Haydn had the good fortune as a young man to secure an appointment to the court of the wealthy Esterházy family not far from Vienna out on the Hungarian plains. There, he was charged with oversight of a daunting variety of musical activities at the extensive estate of a succession of music-loving princes. In the midst of a vigorous artistic environment at Esterháza, with a full schedule of sacred, theatre, chamber music, ballet, and large ensemble performances weekly, Haydn was charged with composing the music for much of the festivities. Taking advantage of his relative isolation, he had decades of opportunities to develop his style and grow his musical reputation from total obscurity to worldwide fame as Europe’s greatest and most respected composer. One of the happy results was the creation of over 100 symphonies that collectively illustrate the evolution of the genre. From the very early ones to the last great “London” symphonies, Haydn’s symphonies have remained central to the orchestra’s repertoire, even as they grew in sophistication and style, right along with the composer’s long life.
The culmination of this remarkable achievement, of course, are the twelve, so-called “London” symphonies that were the result of commissions that grew out of two visits to the city in 1791-02 and 1794-95. The set is sometimes called the “Solomon” symphonies, as well, owing to the impresario who made the acclaimed visits possible. No. 103 is part of the second group of six, and was composed in Vienna during the winter of 1794-95 in preparation for the première in London. The latter took place in March of 1795 at the King’s Theatre to a tumultuous reception by the audience and critical acclaim in the press. He was clearly enjoying the peak of his professional success.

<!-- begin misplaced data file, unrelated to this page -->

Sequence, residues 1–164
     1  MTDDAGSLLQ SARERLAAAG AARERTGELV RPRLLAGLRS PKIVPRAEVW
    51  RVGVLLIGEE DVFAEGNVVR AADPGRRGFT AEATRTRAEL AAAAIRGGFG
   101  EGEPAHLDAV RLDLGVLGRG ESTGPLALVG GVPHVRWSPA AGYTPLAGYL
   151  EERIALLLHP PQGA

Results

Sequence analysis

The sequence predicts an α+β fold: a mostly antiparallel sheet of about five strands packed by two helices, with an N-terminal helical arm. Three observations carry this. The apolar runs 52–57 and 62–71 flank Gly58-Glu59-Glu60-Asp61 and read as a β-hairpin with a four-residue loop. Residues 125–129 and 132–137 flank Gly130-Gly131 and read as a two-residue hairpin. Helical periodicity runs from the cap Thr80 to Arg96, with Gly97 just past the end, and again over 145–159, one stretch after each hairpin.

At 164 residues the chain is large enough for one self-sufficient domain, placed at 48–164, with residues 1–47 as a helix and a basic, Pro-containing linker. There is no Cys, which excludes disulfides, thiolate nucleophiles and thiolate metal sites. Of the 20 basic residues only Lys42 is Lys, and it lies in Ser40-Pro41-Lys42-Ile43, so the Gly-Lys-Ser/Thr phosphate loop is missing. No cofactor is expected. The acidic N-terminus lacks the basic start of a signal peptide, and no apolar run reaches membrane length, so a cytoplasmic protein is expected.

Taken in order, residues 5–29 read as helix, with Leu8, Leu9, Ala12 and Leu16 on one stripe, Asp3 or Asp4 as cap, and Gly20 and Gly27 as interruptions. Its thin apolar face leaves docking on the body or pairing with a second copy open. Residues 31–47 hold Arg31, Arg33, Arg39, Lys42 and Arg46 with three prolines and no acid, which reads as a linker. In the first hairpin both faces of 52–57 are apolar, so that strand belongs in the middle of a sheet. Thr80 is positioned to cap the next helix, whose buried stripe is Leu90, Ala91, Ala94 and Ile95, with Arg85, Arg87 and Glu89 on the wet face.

The first performance was given by a large orchestra of about sixty players, preferred by Haydn and Mozart if available—contrary to today’s mistaken belief that small orchestras were always de rigueur. The symphony is typical of Haydn’s late symphonies: four movements in the usual forms and scored for a full complement of winds, strings, and timpani. It takes its moniker from the famous unaccompanied timpani roll that opens it.
In today’s hyper world of the senses, Haydn’s creative eccentricities and well-known sly sense of humor almost seems impossibly subtle. But they must be comprehended in the context of the times—a perspective almost lost to much of today’s generation. In the first movement the unaccompanied timpani roll sets up a sense of dark foreboding that the composer heightens with the following passage in the low strings—the first four notes of which parrot the famed Latin chant for the dead. The meter is ambiguous, enhancing the mystery, but the mood doesn’t last very long—ending with some ominous accents on the weak beat (you’ll hear this idea again later). The composer has set us up again, and a cheerful, boisterous theme announces the following Allegro con spiritu. Haydn’s material that leads us through the important transition to the second theme is not perfunctory, but has its own attractive significance, replete with dynamic, unison scales. When the so-called second theme arrives, it’s easy to spot, featuring the solo oboe in a decidedly waltz-like guise.
The development is a lucid example of the genius of the mature Haydn in maintaining a limited number of ideas, expanded and varied in a remarkable display of imaginative variants. The parade of ideas seems constantly new, yet vaguely familiar. Amidst the melodic gyrations we also hear a panoply of tonal areas, including the remarkable Db section. Some coy, soft dramatic pauses take us to the recap—conventionally lucid, and a fresh return to clarity. The brief coda is introduced, as at the opening, by the ominous drum roll and threatening bass instruments, but is considerably shortened here and interrupted by the “laughter” of the high-spirited, exultant final Allegro.